Man Trouble

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Man Trouble
Theatrical release poster
Directed byBob Rafelson
Written byCarole Eastman
Produced byVittorio Cecchi Gori
Carole Eastman
Bruce Gilbert
CinematographyStephen H. Burum
Edited byWilliam Steinkamp
Music byGeorges Delerue
Penta Pictures
Distributed by20th Century Fox
Release date
  • 17 July 1992 (1992-07-17)
Running time
100 minutes
CountryUnited States
Budget$30 million[1]
Box office$4,096,030[2]

Man Trouble is a 1992 American romantic black comedy film starring Jack Nicholson and Ellen Barkin.[3] It was directed by Bob Rafelson and written by Carole Eastman, who together had been responsible for 1970's Five Easy Pieces.[3]

The film is the fifth collaboration between Nicholson and Rafelson. Beverly D'Angelo and Harry Dean Stanton co-star.[3]


Harry Bliss runs a guard dog service and is going through counseling with his wife, Adele. A serial killer is on the loose in Los Angeles, so when the apartment of classical singer Joan Spruance is ransacked and she starts receiving threatening phone messages, Joan moves into the Hollywood Hills home of her sister, Andy.

Joan does not feel safe there, either, because she is harassed by Andy's ex-lovers. She hires a guard dog from Harry's company, and Harry is soon providing more than protection for the beautiful singer.

Harry is a natural-born liar who, because of his profession, feels that he lives by a code of honor – even if he cannot quite explain it – as one thing after another spins out of his control. Joan is soft and vulnerable as she is badgered by her conductor husband, harassed by unknown callers, menaced by men from her sister's past, and "helped" by Harry.



Critical response[edit]

Man Trouble was not well received by the majority of critics. It holds a 7% rating on Rotten Tomatoes based on 30 reviews. The consensus summarizes: "Man Trouble has brilliant stars and the germ of an interesting idea in its favor, which makes the scattered, unfunny results even more of a disappointment."[4] Audiences surveyed by CinemaScore gave the film a grade of "C" on scale of A+ to F.[5]

The New York Times review said "Not much about "Man Trouble," a sad mess of a romantic comedy directed by Bob Rafelson, written by Carole Eastman and starring Jack Nicholson, suggests that these three collaborated on one of the most haunting and representative films of another day."[3]

Variety's review said that "Jack Nicholson fans should feel cheated by Man Trouble, an insultingly trivial star vehicle. After some initial business attracted by his name on the marquee, film is fated for pay-cable use."[6]

Reviewing the film for the Los Angeles Times, Michael Wilmington wrote, "It's certainly not the catastrophe that early press reports have suggested--the studio, rather absurdly, refused to screen 'Man Trouble' for critics--but it is disappointing. Not because it's bad, but because we expect more from a Nicholson-Rafelson-Eastman collaboration. We expect savage wit, clear takes on society, pungent dialogue, rich characters."[7] He added, "This cutesy tale has no urgency", but did praise Nicholson and Barkin's performances.[7]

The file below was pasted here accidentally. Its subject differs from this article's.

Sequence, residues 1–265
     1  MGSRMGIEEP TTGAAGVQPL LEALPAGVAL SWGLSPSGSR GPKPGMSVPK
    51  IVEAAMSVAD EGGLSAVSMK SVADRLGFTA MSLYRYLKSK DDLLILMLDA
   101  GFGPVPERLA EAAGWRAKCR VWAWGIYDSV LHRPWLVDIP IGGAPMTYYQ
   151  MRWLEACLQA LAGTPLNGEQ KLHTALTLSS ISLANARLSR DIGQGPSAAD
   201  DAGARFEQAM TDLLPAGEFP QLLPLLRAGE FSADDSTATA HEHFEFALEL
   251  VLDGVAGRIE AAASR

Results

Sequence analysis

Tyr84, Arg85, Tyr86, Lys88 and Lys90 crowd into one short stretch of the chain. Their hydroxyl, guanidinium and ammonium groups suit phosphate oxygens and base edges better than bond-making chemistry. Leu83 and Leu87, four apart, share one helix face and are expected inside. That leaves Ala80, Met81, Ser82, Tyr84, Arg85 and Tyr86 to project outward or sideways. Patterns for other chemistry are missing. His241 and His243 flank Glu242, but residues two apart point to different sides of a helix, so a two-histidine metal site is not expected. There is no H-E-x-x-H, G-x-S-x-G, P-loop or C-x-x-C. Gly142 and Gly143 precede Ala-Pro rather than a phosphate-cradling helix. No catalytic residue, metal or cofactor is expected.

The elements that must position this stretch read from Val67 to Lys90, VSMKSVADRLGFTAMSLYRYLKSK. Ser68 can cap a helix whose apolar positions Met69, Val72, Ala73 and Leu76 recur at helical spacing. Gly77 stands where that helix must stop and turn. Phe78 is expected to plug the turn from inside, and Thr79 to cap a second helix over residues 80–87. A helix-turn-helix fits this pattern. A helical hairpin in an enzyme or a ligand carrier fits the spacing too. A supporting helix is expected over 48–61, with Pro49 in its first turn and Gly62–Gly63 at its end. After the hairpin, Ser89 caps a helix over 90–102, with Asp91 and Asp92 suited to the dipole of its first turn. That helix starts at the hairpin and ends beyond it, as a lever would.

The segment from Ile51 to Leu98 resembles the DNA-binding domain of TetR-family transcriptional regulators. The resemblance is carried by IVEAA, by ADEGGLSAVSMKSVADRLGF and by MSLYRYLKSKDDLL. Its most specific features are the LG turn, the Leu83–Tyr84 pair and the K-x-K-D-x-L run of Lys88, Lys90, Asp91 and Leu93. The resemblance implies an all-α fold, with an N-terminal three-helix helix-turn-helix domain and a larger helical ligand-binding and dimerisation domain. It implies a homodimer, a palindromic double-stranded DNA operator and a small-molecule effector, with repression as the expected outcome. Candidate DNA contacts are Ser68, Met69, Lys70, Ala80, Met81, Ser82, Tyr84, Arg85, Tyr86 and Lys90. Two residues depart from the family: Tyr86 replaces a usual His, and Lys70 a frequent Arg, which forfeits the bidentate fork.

According to Time Out magazine: "The trouble is, the film never seems to know where it's headed. Not quite a romance, a thriller or a comedy, it's a movie with an on-going identity crisis. Barkin, playing against type, produces a shrill caricature of femininity, while Rafelson indulges Nicholson's familiar soft-spoken laxity, another of his personable rogues."[8]

Jack Nicholson earned a Golden Raspberry Award nomination for Worst Actor for his performances in both this film and Hoffa, but lost the trophy to Sylvester Stallone for Stop! Or My Mom Will Shoot.[9]

Box office[edit]

The film opened in 1,004 theatres and grossed $2,034,475 in its opening weekend.[2] It grossed 67% less the following weekend[2] and was pulled from theatres shortly thereafter with a gross of only $4 million.[1][10][2]

With a budget of $30 million, including almost $8 million paid to Nicholson, the film made a loss for Pentamerica, their second consecutive box-office bomb after Folks!.[1] Fox expected to recover their $8 million marketing expenses.[1]


  1. ^ a b c d "Pentamerica to take big hit on 'Trouble'". Variety. 10 August 1992. p. 14.
  2. ^ a b c d Man Trouble at Box Office Mojo
  3. ^ a b c d Maslin, Janet (18 July 1992). "Man Trouble (1992) Review/Film; Romance, It Seems, Is for the Dogs". The New York Times.
  4. ^ "Man Trouble". Rotten Tomatoes.
  5. ^ "Cinemascore". Archived from the original on 20 December 2018.
  6. ^ Cohn, Lawrence (20 July 1992). "Film Reviews: Man Trouble". Daily Variety. p. 2. Retrieved 13 January 2020.
  7. ^ a b Wilmington, Michael (20 July 1992). "MOVIE REVIEW : 'Man Trouble' Fails to Bring Pieces Together". Los Angeles Times. Archived from the original on 30 April 2019. Retrieved 19 May 2023.
  8. ^ "Man Trouble". Time Out. Retrieved 19 May 2023.
  9. ^ MacMinn, Aleene (16 February 1993). "Movies". Los Angeles Times. Retrieved 19 May 2023.
  10. ^ Keslar, Linda (31 December 1992). "H'w'd deals: The hits and misses". Variety. PentAmerica Pictures took a major bath on the $ 30 million "Man Trouble ," the non-romantic, non-comedy starring Jack Nicholson and Ellen Barkin

External links[edit]